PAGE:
Schoolboy divers suffer suspected CO poisoning

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Schoolboy divers suffer suspected CO poisoning

Carbon-monoxide poisoning from scuba air-cylinders was suspected as 12 schoolboys from Manchester Grammar School in Fallowfield were taken to hospital on Monday afternoon (26 June).

Students were taken ill during scuba training being carried out in the school’s pool by external instructors.

A school nurse administered oxygen to one 14-year-old, who is said to be in a stable condition in hospital. The other 11 students were later discharged.

The air-cylinders were supplied by Aqualogistics Dive Training Centre of Stockport, which describes itself as one of the North-west’s premier scuba-diving training centres.

The shop is closed while official investigations are carried out, but it has posted a recall notice on the home page of its website stating: “Air Fill Recall – If you have any unused gas fills (Air, Nitrox or Trimix) from Aqualogistics, please do not use them and please return them to us for checking.”

“Detectives are investigating the incident with the Health & Safety Executive, and have been working with Public Health England to ensure that there is no wider risk to the public or diving community,“ said Supt Dave Pester of Greater Manchester Police in a statement. “The possibility that carbon monoxide was present in air-tanks is being investigated. We are determined to find out how and why this incident happened.”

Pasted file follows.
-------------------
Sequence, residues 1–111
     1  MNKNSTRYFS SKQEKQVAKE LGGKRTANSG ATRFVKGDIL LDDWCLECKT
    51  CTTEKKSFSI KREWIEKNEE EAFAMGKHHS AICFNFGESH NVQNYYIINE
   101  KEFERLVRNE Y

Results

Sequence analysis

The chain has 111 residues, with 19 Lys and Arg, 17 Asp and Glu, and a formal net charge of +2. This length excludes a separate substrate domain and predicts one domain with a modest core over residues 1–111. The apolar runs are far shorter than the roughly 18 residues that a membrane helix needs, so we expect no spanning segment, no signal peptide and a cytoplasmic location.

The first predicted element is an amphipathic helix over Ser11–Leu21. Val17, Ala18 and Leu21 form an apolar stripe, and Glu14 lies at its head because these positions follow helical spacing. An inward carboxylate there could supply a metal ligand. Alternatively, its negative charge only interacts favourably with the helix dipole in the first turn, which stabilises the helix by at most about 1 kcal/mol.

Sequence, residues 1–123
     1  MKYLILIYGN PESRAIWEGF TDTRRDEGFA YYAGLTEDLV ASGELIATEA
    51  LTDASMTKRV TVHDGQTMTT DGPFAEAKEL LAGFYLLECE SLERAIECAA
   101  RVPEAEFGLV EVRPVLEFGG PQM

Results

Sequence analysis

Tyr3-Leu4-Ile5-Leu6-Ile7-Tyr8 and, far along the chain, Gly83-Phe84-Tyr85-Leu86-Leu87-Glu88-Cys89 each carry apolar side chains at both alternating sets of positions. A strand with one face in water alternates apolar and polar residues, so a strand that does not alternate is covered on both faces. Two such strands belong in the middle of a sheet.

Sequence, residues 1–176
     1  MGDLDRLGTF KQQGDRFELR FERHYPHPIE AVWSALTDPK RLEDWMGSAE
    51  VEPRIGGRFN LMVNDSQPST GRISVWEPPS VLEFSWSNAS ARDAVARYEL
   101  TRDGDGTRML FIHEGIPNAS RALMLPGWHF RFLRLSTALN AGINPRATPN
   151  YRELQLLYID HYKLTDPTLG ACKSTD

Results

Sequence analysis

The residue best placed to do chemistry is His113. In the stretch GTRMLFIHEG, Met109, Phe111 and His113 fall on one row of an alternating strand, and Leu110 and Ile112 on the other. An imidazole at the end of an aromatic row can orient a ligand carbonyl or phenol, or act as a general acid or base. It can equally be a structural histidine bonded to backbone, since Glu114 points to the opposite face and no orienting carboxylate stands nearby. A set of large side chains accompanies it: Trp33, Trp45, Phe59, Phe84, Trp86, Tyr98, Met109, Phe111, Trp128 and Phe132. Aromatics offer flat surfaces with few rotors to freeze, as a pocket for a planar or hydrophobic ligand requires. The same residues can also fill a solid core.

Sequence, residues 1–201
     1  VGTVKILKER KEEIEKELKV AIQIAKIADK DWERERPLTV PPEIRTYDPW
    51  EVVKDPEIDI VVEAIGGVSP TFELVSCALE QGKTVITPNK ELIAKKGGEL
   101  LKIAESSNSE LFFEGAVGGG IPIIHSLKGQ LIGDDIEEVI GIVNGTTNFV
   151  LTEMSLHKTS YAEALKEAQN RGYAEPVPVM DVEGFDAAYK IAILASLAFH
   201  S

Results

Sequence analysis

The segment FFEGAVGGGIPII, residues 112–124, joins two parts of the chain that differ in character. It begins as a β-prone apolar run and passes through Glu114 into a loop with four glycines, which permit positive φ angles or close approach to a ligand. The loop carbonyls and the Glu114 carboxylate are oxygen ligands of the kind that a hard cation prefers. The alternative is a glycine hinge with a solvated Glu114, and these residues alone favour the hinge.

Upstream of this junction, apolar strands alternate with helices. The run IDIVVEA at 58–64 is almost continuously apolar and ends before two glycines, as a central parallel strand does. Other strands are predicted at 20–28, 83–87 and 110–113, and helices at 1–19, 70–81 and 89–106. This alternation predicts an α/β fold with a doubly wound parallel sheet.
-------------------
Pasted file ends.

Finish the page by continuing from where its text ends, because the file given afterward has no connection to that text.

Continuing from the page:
Dr Martin Boulton, High Master at the school, stated that initially two of the boys became “very unwell” during the scuba-training, which was being carried out as part of an activities-week programme.

“The emergency services were called and the two boys were immediately taken to hospital by ambulance for treatment. Several of the other boys later felt unwell and were also taken to hospital for treatment.”

The remaining students were examined at the hospital as a precautionary measure, said Dr Boulton. “Our thoughts are with all the boys and their parents and we will continue to offer them support.”

The HSE has asked any diver who has had a cylinder filled by Aqualogistics not to breathe the gas, and says: “If you feel you may be affected then please contact [email protected] for further advice on how to proceed.”

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